Home Music The rock-tinged madness of Fashion Police

The rock-tinged madness of Fashion Police

by Cristina Sanza April 5, 2016
The rock-tinged madness of Fashion Police

Heavy with a side of catchiness, this local band is one to watch

Sometimes, musicians need to form a few crappy bands before finding a group of people that really makes performing and songwriting something special. Sometimes, finding the right people to form a band all comes down to good timing.

Released in Feb. 2015, Fashion Police’s debut EP Winter is a catchy and equally heavy collection of post-hardcore jams evocative of Every Time I Die. Photo by Martin Reisch.

Released in Feb. 2015, Fashion Police’s debut EP Winter is a catchy and equally heavy collection of post-hardcore jams evocative of Every Time I Die. Photo by Martin Reisch.

Nearly two years ago, four guys from two different bands came together to form an aggressive rock band called Fashion Police. While they may have worn fur coats on stage before, the band name is not a declaration of their immaculate sense of style. Rather, it’s representative of their sense of humour.

“We’re a bunch of silly dudes who just like to have fun, and that was the idea of this band from the beginning,” said lead singer Alex Kaluza with his mouth full of food. He paused. “Sorry,” he said with a laugh. “I’m eating a tuna sandwich.”

“We didn’t want it to be something too serious, you know, like ‘Bleeding Red Crimson Death,’” said Preston Ward, the bassist. “We wanted a name that people would hear and be like, huh?”

When you listen to their music however, in an attempt to describe it, words similar to ‘Bleeding Red Crimson Death’ come to mind. Between the violent screams of Kaluza, the gritty guitars and the dark lyrical themes, their tunes sound much like Kaluza described them: fire.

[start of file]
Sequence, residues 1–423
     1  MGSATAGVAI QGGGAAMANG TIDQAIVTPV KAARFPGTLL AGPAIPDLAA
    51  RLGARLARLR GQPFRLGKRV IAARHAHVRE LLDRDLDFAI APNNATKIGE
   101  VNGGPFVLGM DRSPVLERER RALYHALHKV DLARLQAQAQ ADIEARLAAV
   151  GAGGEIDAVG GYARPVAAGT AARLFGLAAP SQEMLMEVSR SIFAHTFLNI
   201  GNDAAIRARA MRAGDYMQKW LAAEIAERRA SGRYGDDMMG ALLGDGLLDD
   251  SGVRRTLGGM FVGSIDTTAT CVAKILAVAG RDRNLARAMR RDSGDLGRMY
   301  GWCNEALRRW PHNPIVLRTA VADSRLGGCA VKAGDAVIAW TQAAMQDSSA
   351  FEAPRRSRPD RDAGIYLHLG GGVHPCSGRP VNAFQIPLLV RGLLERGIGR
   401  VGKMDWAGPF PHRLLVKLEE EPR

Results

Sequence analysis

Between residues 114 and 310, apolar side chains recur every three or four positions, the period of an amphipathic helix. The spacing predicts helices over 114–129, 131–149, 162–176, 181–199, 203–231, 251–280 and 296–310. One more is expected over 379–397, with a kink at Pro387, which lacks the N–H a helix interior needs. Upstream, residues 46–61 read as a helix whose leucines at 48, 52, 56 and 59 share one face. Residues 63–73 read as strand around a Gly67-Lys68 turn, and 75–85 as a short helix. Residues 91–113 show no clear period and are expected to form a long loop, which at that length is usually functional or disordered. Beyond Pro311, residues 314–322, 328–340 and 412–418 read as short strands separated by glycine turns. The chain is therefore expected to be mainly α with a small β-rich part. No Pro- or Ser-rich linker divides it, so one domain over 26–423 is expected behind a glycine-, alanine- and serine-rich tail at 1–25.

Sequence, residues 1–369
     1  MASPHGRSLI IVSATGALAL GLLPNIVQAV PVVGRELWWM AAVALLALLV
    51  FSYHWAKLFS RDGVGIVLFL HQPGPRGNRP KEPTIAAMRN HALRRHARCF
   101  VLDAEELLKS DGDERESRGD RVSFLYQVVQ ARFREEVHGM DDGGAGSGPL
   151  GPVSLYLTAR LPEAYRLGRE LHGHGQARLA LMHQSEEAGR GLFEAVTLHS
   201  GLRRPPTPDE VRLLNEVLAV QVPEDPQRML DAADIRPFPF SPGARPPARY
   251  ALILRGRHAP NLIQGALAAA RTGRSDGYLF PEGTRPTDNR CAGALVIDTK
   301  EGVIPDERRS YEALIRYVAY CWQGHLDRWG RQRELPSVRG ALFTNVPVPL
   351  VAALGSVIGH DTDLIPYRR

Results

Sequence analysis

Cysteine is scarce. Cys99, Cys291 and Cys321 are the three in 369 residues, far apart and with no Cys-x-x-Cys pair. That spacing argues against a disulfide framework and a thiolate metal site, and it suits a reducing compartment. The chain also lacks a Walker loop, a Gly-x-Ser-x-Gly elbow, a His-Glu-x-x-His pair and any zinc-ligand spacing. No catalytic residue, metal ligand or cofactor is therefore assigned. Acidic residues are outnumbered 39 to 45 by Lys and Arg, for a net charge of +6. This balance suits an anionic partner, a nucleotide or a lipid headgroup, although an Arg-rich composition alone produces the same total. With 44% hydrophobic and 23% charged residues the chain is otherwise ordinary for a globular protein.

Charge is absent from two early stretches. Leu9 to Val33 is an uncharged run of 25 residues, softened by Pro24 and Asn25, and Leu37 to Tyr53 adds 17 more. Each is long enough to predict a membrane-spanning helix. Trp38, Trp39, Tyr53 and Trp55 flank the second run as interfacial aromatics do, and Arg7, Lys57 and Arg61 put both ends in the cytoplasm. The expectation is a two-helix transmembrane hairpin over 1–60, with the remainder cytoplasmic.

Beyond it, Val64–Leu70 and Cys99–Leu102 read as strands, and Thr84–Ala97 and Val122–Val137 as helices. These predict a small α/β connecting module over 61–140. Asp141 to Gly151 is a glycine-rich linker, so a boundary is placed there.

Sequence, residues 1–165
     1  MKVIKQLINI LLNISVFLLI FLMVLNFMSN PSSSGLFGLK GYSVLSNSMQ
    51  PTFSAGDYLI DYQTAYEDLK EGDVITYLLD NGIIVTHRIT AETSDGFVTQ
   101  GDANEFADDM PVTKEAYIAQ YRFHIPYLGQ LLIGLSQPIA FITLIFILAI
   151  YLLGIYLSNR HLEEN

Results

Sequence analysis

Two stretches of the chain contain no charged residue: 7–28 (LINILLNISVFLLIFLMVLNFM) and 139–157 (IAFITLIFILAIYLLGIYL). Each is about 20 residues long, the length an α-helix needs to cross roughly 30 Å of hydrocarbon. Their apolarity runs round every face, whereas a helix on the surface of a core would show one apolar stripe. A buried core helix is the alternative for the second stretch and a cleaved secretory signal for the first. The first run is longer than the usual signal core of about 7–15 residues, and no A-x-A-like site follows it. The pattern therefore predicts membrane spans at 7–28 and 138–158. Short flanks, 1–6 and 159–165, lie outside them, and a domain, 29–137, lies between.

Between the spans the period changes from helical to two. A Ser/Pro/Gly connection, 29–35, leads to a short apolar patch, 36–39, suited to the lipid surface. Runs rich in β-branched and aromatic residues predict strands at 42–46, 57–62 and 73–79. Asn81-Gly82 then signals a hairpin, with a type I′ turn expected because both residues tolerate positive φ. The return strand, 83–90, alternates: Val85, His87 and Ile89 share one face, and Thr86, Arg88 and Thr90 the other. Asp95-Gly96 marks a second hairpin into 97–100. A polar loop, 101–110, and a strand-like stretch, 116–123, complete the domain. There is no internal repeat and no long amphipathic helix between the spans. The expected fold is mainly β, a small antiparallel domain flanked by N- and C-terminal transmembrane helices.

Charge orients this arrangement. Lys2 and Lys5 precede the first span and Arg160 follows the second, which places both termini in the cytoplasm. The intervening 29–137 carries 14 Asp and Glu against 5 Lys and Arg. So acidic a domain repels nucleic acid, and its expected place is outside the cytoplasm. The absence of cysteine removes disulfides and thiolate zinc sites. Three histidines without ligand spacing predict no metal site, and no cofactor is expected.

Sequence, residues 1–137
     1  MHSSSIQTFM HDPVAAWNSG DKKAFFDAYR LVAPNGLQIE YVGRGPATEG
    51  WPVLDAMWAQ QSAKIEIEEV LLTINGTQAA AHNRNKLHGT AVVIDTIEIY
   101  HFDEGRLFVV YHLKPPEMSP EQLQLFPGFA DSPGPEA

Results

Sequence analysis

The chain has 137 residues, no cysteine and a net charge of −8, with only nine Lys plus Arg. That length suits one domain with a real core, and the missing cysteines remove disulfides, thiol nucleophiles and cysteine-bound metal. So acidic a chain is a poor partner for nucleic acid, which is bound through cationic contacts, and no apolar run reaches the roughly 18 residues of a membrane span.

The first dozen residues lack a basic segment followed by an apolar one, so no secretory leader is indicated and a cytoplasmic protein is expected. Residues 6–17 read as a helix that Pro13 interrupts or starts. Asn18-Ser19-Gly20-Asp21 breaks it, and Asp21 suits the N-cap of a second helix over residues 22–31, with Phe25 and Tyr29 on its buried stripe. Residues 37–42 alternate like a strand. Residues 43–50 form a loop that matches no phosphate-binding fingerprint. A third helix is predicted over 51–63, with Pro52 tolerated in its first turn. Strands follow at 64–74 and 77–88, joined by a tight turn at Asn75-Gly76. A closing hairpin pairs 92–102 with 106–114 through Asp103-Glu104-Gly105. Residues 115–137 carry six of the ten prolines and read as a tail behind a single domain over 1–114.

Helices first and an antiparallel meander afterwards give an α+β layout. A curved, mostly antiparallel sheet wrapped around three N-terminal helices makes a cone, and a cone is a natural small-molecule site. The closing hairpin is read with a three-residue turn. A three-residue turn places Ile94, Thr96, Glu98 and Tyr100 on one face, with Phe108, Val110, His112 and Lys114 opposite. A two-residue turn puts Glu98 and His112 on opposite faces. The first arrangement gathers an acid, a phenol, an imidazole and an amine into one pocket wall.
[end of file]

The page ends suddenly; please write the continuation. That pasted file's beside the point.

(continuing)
Photo by by Myriam Francoeur.

Photo by by Myriam Francoeur.

“I think overall we just wanted to play pissed-off music. I think we’re just all angry,” said Brendan Mainville, the guitarist, with a laugh. “We’re really happy on the outside, but inside we’re dying,” Kaluza added.

Fashion Police is the first band Kaluza has sung lead vocals in, and one of his biggest challenges was having to write lyrics. “I never knew how much fun it could be to get it all out on paper,” he said. “I’m a pretty happy dude in general, but for some reason, when I start trying to write something, nothing comes out happy.”

Most of the lyrics are based on made-up stories, he said, incorporating storylines and characters. For example, one song describes someone who is suicidal, another a drug addict, another someone who is hallucinating. “There’s a lot about death,” he said. “We’re currently seeking help for [Kaluza],” Mainville joked.

The band is set to release a new EP this summer. “It just sounds really loud and in your face, but there’s some grooviness to it,” said Kaluza. He said the band plays with atypical song structure and varying time signatures. Like their first EP, Winter, it was recorded at Prolific Summer Studio in Burlington, Vermont alongside producer Justin Gonyea.

Kaluza and Mainville had been friends for many years, trying to form a band that would commit. They picked up Ward, the bassist, who was in between bands at the time. They tried a few different drummers before Mike Niro was scooped up. After a few jams, the ball really started rolling. When Kaluza and Mainville started the band, they said they wanted to create music in the same vein as American rock group Young Widows.

“We tried that and we just sucked,” Kaluza said. “When we stopped doing that, we just made our own sound. Obviously it’s heavy music and there are some similarities but I think we have something unique within our genre.”

Ward said that instead of putting bands on the pedestal and trying to be like them, they take aspects of the music they like and make it their own.

The band said one of their most memorable performances was on Halloween of last year, where they included a funny surprise for Niro. The band took the stage dressed in fur coats, but what they didn’t tell Niro was that underneath the coats the rest of the band wore shirts with his face on it.

“I grew a third eyeball,” Niro said. “He almost couldn’t drum anymore,” said Mainville.

Having been in and out of various bands, they’ve come to realize that keeping a band together comes down to collaboration—and maybe some joking around.

“You can be a really good musician, you could have all the talent, but when it comes to being in a band, it’s a group effort,” Ward said. “If you’re not all working together, or if one guy’s got too much of an ego, or one guy’s not committed, it all falls apart.”

Kaluzo let out a laugh. “We all have really big egos though,” he said.


The band will be performing at Turbo Haüs alongside Hounds and Indian Handcrafts on April 8 at 9 p.m.

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